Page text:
This Was The Hardest Part Of Filming No Reservations

Though having a job like Anthony Bourdain may have sounded like a dream, it was actually quite hard. Just how difficult and heartbreaking it could be became incredibly clear for viewers in the recently released documentary about his life, "Roadrunner." In the film, Oscar-winner and director Morgan Neville spoke to some of Bourdain's closest friends and family and in those conversations, he learned about the hardest part of filming "No Reservations."

In many episodes of the series, the food expert and his crew placed themselves squarely among difficult situations and political fallout to educate viewers on what locals endure. Of course, things rarely went smoothly since they wanted to show the reality of many countries. Instead, chaos often ensued. While they put themselves in danger more often than not, that actually wasn't the hardest part of filming the show. Bourdain and the crew always found a way out, but they couldn't help those that were suffering.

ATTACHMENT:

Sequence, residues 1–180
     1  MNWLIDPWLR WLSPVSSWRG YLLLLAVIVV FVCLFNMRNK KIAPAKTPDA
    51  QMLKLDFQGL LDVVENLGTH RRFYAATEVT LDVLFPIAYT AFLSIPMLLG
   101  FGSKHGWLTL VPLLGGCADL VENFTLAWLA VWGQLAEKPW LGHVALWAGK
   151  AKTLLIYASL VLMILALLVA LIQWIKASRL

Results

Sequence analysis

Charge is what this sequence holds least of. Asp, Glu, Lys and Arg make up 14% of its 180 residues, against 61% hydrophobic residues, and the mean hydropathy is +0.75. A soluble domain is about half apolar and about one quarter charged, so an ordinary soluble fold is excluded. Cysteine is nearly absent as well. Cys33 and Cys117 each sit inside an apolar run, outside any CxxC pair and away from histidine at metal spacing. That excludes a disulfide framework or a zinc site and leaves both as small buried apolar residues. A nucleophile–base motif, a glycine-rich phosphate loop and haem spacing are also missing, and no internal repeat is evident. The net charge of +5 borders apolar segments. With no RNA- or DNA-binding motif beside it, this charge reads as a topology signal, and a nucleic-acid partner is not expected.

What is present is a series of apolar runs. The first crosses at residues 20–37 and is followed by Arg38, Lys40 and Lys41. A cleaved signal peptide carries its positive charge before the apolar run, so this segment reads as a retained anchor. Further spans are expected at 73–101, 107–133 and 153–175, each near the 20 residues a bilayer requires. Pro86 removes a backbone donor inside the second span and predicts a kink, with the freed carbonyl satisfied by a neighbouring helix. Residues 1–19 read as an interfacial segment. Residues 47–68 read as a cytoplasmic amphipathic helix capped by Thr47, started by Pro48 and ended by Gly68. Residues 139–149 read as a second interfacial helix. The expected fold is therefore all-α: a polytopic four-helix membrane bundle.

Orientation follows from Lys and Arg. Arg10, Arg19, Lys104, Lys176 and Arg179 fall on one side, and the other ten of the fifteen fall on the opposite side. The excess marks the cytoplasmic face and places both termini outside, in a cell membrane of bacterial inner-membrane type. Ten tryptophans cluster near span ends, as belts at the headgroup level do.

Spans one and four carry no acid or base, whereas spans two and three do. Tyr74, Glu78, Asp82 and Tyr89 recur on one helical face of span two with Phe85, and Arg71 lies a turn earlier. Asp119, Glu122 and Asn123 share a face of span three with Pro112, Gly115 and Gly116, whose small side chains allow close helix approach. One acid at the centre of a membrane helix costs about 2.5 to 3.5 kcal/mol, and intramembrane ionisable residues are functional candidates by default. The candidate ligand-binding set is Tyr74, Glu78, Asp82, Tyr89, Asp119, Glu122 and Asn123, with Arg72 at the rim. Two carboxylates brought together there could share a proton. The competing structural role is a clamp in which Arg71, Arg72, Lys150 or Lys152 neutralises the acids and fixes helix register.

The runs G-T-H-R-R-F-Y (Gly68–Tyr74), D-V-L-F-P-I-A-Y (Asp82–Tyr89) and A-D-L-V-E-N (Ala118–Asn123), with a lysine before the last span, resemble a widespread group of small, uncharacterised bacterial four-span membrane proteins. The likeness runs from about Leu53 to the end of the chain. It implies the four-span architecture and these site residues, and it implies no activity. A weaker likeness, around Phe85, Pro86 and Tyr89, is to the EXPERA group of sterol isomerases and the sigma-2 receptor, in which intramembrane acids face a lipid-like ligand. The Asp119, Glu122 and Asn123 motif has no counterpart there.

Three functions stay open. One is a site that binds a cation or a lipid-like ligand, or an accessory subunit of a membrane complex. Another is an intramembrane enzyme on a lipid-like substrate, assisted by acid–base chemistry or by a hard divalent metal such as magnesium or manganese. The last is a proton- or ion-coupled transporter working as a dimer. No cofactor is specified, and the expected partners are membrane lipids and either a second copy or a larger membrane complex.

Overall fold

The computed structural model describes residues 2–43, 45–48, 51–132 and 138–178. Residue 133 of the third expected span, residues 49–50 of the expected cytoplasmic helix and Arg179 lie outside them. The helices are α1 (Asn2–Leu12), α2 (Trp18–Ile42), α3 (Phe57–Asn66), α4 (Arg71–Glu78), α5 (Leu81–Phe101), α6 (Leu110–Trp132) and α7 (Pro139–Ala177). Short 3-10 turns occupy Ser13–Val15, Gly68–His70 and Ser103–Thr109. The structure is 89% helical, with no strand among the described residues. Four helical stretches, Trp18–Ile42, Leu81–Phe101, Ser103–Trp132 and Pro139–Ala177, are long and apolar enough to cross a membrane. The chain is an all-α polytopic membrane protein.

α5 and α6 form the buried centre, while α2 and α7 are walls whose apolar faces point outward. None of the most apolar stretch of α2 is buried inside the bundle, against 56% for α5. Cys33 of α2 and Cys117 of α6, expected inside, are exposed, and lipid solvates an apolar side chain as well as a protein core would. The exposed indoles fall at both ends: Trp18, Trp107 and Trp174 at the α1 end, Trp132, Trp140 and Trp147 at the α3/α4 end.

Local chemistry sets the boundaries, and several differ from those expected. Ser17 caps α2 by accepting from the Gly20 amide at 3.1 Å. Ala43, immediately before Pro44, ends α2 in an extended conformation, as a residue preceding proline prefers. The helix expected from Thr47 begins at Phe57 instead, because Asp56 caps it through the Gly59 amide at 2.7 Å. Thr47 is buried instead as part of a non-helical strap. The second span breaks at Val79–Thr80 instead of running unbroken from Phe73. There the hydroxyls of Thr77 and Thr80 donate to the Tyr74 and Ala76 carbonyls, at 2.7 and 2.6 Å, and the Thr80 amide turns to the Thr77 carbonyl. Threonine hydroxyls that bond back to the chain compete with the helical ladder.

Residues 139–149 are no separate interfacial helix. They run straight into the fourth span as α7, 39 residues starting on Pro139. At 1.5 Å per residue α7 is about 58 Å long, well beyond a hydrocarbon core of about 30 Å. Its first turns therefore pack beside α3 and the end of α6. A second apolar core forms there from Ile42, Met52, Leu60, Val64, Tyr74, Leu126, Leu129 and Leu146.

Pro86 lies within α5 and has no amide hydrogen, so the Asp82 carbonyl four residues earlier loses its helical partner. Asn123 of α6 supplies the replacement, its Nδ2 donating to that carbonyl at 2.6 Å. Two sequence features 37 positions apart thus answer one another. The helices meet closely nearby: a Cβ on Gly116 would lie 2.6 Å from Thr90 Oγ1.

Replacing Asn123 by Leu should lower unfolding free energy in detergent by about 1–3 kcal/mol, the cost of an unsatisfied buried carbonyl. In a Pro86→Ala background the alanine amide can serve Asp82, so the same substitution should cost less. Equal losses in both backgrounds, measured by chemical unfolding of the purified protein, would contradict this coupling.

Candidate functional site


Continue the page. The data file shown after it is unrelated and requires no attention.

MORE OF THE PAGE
The hardest part was watching human nature take over

Though there are several examples of this in "Roadrunner," one stands out in particular. Bourdain and the crew went to Haiti in 2006 to film an episode of his hit series, and found people that were starving because they had no income to buy food. So after filming at a restaurant, Bourdain had the crew purchase all of the food at the restaurant to give away to those that were standing around and begging. However, this incredibly kind gesture soon descended into turmoil.

In "Roadrunner" footage Bourdain explained that everyone was starving, so the bigger kids would shove the smaller kids out of line and eventually the adults would push the bigger kids away too. Everyone was so hungry that the scene devolved into a riot that resembled something from "Lord of the Flies." The hardest part of filming "No Reservations" was that Bourdain could only observe the despair and devastation that existed in the places he visited.